Fuel


#1

In your opinion, if you are in the market for a used vechile, would it be better to get diseal vs. gas?


#2

Your selection is very limited unless you want a larger pickup truck or a European car.

It depends on your goals. For example in the case of fuel economy for saving money, I think a used Corolla/Civic is a better value overall costs than a Jetta/Golf diesel.


#3

I have owned both. Personally I like diesels. Frankly they are not much different for the average driver, assuming all the possible drivers remember not to put gasoline in the diesel (or the other way around).

Diesels will get better mileage, all else being equal, but it never is. Currently in the US diesel tends to be higher cost that gasoline. This is not related to the automotive fuel markets, but more a matter on international oil markets. It has been that way for like five years and does not look like the oil industry is going to allow cheaper fuel in the US. (prior to the changes, diesel was generally cheaper then gasoline in the summer and more expensive in the winter (heating oil).


#4

If all vehicles were available either way this would be simpler to answer. Since there aren’t that many diesels available I’m sticking with gasoline for now.

The new clean diesels are intriguing, but there aren’t enough of them yet to make a difference.


#5

Newer diesels are better than old smokey ones, and getting better with each new model. Yet, the choices in diesel cars is very limited. I would only consider diesel if I put a lot of commuting miles on a car daily. And, if I needed a truck to pull a heavy trailer long distances daily. In general, I’d stick with gas.

Used diesel motore are not more trouble than used gas. The issue is less mechanics are comfortable with diesels so you need to make sure you have service and parts available in your local area.


#6

The high cost of diseal is partly due to improvements in cracking plants that now can extract more gasoline from crude oil than in the past. Another part of it is the competition between rail and trucks, and between large trucking firms that can buy diseal fuel by bulk contract, and independent truckers who must buy on the spot market.
The term independent trucker is fast becomming a synonym for family farmer or say buggy whip. On the bright side, anyone with time and effort can buid a vegetable oil purefier, and run a diseal on hamburger stand deep fry oil very cheeply.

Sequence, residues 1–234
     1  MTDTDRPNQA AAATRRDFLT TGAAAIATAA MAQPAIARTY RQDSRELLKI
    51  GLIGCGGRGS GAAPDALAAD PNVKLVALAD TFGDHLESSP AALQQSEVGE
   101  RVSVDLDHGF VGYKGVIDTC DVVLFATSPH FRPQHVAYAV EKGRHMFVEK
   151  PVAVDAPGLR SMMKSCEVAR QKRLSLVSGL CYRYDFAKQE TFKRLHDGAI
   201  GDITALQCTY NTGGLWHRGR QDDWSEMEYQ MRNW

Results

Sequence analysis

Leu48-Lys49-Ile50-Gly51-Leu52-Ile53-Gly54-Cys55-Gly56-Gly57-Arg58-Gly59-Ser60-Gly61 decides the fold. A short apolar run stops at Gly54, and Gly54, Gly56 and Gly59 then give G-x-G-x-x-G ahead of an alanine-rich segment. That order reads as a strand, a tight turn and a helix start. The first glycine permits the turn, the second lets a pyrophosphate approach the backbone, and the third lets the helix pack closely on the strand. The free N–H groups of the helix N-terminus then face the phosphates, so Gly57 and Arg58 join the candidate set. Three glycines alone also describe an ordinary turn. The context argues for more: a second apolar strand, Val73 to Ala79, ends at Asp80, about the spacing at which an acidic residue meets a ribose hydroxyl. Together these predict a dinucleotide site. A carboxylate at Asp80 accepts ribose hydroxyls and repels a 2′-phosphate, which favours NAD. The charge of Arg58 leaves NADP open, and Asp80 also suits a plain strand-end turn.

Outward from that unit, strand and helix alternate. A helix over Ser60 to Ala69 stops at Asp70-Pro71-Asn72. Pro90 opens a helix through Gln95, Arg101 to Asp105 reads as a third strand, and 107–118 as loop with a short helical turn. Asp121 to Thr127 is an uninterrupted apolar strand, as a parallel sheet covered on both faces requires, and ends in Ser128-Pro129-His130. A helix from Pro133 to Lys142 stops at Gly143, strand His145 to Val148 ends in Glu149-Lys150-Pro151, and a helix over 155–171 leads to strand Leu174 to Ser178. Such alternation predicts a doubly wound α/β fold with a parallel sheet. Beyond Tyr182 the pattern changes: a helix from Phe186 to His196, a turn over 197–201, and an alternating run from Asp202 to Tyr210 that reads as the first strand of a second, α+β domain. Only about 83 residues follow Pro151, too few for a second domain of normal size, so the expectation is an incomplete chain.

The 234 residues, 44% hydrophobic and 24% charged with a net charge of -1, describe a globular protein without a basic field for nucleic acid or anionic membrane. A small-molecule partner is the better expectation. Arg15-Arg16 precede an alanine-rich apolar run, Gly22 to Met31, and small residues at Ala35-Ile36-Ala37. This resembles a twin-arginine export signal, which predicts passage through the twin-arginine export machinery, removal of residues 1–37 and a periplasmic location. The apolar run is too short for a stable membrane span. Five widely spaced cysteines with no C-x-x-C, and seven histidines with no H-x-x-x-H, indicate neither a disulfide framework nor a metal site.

#7

I can’t honestly see any advantages of diesel over gas.

They run much cleaner than they used to, but still cannot fully meet gas engine emissions requirements. Well, maybe the Mercedes does, but if you were buying the Mercedes you probably would not be asking us the question.
The fuel isn’t cheaper (it used to be).
They run quiet and smooth now with good power curves…but so do gas engines.
Mileage in hybrids is better than diesels.
Modern gasoline engines last as long as automotive diesels. Buy one with a good reputation, maintain it properly, and either will last the life of the car.

Modern diesels are fine, but the advantages have disappeared.


#8

They run much cleaner than they used to, but still cannot fully meet gas engine emissions requirements

I suspect gasoline engines don’t meet diesel standards. It is apples and oranges as they produce different mixes of pollutants and it is not really any way of comparing them.


#9

Incorrect. If there is a criterion of the Clean Air Act that diesels meet that gas engines do not, I’d be interesting in learning about it.

With the exception of NOx, I do however readily acknowledge that modern diesels meet gas engine requirements.

I’ll grant you that they’re different engines, apples and oranges. But the emissions requirements criteria do not include one for diesels that gas engines don’t meet.

Postscript: Joseph, do I correctly recall that you’re in England? If so, we may be dealing with regulations that are totally different.


#10

Diesel fuel became more expensive than gasoline when the U S government required all diesel fuel to be ultra low sulfur. In Europe diesel fuel is given tax advantages that make it cheaper than gasoline there. In heavy trucks, diesels routinely go a million miles with proper maintenance, but who is going to drive a car a million miles.


#11

I did’nt expect that, thanks all.


#12

Don’t write us off yet ! There are still a lot of us independents out here. We’re getting crucified by every facet of government, but we’re still here.


#13

Car or truck? Towing or not?